This initiative demonstrates how many state and regional governments are urgently putting adaptation measures in place too. A severe drought in Brazil recently led the governments of Sao Paulo and Rio de Janeiro to order water rationing as well as enact additional charges for high consumption. Droughts have a specific impact in the country, which is powered by 70% of its energy mix by hydroelectric sources.

    “In the short term, we are working on a series of contingency measures,” comments André Corrêa, State Environmental Secretary, Rio de Janeiro, in an interview for Climate TV. To tackle the worst water crisis the State has been through over the last 85 years, the government had reduced the runoff of the main sources for public supply in the metropolitan region of Rio de Janeiro – where nine and a half million people live – saving 80,000 liters per second of water.

    “In the long term, we are developing a program called Pacto pelas Águas (‘Pact for the water management’),” says André Corrêa, “with the goal to restore 20,000 hectares of public water sources.”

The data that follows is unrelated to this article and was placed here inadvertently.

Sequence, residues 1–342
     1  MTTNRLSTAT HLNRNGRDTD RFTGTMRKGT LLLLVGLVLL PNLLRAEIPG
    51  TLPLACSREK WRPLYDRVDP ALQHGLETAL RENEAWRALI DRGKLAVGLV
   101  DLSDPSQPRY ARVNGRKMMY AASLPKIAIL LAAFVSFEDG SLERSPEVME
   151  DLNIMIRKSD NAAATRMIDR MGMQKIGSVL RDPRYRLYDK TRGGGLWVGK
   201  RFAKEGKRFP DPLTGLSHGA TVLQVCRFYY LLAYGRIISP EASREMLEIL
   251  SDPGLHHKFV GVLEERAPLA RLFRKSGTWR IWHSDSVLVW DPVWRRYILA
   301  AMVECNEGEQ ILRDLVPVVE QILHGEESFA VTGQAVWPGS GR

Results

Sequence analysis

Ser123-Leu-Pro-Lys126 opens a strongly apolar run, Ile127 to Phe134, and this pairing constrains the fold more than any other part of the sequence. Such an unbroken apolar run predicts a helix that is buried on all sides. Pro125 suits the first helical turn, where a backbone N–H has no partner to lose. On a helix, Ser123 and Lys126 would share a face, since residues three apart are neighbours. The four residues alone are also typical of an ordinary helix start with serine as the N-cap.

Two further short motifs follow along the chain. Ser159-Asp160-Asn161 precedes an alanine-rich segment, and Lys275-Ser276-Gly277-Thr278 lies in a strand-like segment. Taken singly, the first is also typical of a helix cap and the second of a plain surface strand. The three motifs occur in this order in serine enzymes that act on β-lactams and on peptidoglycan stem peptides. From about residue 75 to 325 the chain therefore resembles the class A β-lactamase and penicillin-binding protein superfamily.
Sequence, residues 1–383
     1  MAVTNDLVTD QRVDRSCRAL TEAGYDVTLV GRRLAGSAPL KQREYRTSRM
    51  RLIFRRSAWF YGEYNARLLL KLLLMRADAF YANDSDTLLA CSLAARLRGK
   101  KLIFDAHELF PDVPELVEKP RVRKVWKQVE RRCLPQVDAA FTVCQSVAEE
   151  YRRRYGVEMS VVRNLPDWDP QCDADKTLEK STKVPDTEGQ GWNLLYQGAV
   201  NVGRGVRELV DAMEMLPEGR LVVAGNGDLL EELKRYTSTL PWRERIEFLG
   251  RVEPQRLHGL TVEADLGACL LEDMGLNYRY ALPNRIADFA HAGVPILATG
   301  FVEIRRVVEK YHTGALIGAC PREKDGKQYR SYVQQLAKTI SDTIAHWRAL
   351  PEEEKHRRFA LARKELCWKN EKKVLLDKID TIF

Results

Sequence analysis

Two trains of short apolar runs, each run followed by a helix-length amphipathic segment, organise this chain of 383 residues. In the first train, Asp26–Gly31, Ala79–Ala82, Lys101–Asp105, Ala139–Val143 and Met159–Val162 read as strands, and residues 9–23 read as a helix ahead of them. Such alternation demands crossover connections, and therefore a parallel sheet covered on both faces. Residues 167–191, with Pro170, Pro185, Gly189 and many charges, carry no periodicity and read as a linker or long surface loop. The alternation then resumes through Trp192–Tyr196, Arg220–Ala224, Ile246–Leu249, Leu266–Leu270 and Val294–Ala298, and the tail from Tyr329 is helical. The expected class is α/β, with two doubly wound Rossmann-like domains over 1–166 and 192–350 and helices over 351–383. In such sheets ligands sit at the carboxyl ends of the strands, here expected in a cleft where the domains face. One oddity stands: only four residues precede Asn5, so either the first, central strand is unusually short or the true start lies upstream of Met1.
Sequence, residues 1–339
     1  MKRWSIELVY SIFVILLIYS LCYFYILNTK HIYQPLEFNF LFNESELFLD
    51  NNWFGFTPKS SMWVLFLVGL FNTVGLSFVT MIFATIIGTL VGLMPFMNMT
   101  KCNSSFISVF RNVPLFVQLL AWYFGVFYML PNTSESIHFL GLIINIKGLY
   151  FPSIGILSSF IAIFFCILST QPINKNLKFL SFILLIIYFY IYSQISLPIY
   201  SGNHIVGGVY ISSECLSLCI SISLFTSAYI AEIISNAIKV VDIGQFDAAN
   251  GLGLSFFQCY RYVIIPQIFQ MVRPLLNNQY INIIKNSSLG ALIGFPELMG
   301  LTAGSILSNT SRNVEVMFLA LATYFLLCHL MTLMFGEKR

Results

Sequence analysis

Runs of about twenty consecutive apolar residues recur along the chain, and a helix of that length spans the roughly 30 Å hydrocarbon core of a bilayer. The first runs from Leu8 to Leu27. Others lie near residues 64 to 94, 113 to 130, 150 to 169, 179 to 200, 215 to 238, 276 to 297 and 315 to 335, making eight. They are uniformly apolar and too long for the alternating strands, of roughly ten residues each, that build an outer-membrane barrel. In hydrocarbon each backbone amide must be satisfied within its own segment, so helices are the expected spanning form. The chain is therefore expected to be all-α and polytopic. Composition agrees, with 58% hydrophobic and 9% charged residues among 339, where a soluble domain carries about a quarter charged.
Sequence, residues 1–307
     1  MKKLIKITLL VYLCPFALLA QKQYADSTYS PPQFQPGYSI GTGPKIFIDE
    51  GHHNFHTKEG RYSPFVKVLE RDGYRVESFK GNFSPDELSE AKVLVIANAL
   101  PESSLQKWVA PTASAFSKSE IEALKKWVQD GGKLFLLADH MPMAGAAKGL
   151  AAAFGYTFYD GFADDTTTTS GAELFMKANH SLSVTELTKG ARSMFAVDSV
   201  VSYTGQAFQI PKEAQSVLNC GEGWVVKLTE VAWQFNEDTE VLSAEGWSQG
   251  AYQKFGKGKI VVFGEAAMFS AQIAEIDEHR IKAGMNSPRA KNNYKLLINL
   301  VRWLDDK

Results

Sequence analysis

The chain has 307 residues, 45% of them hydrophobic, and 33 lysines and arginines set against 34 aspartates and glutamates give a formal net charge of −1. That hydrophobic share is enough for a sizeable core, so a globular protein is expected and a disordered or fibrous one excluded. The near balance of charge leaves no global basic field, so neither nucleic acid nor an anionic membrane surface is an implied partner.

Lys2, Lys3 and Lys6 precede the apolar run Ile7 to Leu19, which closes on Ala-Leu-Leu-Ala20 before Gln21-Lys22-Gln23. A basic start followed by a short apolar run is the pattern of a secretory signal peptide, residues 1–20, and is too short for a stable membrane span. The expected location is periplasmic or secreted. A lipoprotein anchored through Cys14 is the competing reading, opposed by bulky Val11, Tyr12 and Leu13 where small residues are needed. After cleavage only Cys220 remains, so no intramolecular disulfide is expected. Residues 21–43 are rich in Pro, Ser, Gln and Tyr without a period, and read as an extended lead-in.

The Secretary also underlines the crucial role states and regions in general play in tackling climate change at a practical level: “With regard to legislation, sub-national governments have the power, especially in federal countries, to set up the price for carbon or create tax incentives for carbon sequestration initiatives,” he concludes. “There is a great possibility of an infra-constitutional legislation of sub-national governments.”

    The Climate Group States & Regions Adaptation Peer Forum will continue to engage with policy makers and practitioners in 2016, with the crucial goal of accelerating, inspiring and providing climate adaptation solutions through peer learning.